By Joanne M. Welker, CFA, Senior Vice President and Manager, Advisory ServicesPrint This Post
Unlike last year at this time, 2019’s year-end statement should provide feelings of relief, pride, and satisfaction versus last year’s fear and consternation after the market’s decline in December 2018. Once you get past the celebratory feelings, there are some things you should consider and keep in mind when reviewing your year-end statements.
The S&P 500 was up 28.9% in 2019, its highest annual return since 2013, and in part due to the sharp decline the last December. It was a good year for stocks, but we can’t count on or expect it to be that good again in 2020. The recent movement in the market due to the Iranian geopolitical issues is a stark reminder of that. But remember whether you are worried about the downside or are overconfident about the upside, long term equity returns are in the 8-10% range. Therefore, when you review your statement, take a look at your overall allocation. Did the increase in stocks cause your equity allocation to get higher than you are traditionally comfortable with? If so, it may make sense for you to trim equity and reinvest in bonds or other asset classes (you may need to initiate this action, if you are not in an Advisory account, or a Retirement account with an auto rebalance feature that will rebalance back to target allocation for you). Don’t allow yourself to get jaded by recency bias and get comfortable by “letting it ride.” While we still expect stocks to perform in line with historical averages, it is much more important for you to have your portfolio align with your target asset allocation and not allow it to get too aggressive just because we’ve had a good year. As you reinvest, don’t be tempted to chase performance. Often asset classes that lag one year, will outperform the next. Again, stay true to your risk tolerance and invest accordingly.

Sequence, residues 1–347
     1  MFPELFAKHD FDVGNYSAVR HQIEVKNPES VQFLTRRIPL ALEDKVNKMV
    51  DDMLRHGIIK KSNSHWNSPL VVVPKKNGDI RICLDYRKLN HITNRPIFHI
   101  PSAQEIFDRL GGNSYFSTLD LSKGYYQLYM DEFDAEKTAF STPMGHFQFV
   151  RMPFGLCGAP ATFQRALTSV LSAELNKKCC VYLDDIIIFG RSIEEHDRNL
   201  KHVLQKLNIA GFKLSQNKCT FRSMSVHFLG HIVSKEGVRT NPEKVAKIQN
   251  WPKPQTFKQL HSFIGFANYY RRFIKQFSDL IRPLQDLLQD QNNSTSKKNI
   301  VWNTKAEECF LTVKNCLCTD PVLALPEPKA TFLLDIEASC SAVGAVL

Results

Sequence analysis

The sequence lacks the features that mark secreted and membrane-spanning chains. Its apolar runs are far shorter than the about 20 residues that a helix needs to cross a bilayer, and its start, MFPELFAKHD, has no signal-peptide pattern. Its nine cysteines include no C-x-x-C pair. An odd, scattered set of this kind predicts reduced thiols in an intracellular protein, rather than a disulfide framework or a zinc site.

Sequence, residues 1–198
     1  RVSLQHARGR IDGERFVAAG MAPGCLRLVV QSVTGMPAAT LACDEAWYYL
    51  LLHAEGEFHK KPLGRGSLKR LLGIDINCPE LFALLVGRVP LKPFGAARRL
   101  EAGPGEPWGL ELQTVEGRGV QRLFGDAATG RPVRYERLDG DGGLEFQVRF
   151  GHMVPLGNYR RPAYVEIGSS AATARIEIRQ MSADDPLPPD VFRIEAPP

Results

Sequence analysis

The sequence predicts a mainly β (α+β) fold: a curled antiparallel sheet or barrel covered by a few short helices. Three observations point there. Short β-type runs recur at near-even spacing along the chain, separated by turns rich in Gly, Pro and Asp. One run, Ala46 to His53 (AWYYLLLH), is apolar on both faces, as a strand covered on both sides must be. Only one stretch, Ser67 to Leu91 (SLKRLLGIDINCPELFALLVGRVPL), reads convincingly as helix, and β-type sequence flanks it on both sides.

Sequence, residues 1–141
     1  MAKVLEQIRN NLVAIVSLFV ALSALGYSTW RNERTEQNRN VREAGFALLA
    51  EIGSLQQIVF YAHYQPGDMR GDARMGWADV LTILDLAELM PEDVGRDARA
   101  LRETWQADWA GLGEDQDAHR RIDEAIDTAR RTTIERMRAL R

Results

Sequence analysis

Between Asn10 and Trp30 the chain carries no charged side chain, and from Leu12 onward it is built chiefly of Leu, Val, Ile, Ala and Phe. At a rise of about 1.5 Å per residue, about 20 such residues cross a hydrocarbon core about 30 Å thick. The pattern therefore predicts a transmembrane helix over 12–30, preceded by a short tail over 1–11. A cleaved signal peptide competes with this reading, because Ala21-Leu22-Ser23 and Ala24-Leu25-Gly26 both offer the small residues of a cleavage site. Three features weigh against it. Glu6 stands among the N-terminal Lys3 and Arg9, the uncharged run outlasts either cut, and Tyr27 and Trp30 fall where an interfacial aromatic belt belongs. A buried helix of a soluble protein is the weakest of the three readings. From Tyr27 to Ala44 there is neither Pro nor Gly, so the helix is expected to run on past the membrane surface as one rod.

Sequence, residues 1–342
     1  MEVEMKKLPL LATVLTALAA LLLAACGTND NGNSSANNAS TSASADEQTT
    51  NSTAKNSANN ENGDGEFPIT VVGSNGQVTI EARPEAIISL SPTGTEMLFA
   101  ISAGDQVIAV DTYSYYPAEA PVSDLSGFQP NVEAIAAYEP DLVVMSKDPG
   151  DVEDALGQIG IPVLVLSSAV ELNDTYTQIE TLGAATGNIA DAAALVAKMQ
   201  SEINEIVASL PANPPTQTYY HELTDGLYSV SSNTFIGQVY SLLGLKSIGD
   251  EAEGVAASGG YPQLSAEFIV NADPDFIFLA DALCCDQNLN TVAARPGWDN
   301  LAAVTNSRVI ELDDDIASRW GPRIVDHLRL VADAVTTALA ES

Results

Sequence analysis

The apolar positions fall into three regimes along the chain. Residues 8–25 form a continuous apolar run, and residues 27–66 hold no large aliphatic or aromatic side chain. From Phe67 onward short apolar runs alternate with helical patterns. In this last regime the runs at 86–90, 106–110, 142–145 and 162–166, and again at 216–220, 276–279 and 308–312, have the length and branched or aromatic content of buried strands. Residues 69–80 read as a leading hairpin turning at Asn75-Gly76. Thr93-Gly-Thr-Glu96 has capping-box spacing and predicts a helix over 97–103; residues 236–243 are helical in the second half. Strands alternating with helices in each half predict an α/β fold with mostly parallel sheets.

Also, as a reminder – when you receive your year-end statements, set up your tax folder, basket, corner of your desk, or wherever to put tax documents as they arrive, so they are all in one place when you decide to tackle your tax returns. Lastly, when you review your 401k statement or similar retirement plan account, think a moment about your contribution rate. Can your budget afford to bump it up a percent or two to save more for retirement? Or, is the opposite true and it would make sense to decrease it slightly and pay down debt or build an emergency fund? Whatever the case, always remember to consider your employer’s matching capabilities so you maximize what your company will contribute to your account. Enough for now – Happy New Year, Happy Year-End Statement, cheers to 2020 and call us with any questions you may have!
Please note that rebalancing investments may cause investors to incur transaction costs and, when rebalancing a non-retirement account, taxable events will be created that may increase your tax liability. Rebalancing a portfolio cannot assure a profit or protect against a loss in any given market environment.
Benjamin F. Edwards & Co. does not provide tax advice or tax preparation services, therefore it is also important to consult with your tax professional for additional guidance tailored to your specific situation.